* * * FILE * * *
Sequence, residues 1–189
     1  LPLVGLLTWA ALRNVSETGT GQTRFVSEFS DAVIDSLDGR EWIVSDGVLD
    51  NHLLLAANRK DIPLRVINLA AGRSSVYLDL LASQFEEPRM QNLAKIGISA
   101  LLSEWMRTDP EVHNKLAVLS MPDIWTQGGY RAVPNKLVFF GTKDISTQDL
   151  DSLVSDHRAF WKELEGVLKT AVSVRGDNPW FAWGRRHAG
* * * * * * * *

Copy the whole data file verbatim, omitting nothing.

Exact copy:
Sequence, residues 1–189
     1  LPLVGLLTWA ALRNVSETGT GQTRFVSEFS DAVIDSLDGR EWIVSDGVLD
    51  NHLLLAANRK DIPLRVINLA AGRSSVYLDL LASQFEEPRM QNLAKIGISA
   101  LLSEWMRTDP EVHNKLAVLS MPDIWTQGGY RAVPNKLVFF GTKDISTQDL
   151  DSLVSDHRAF WKELEGVLKT AVSVRGDNPW FAWGRRHAG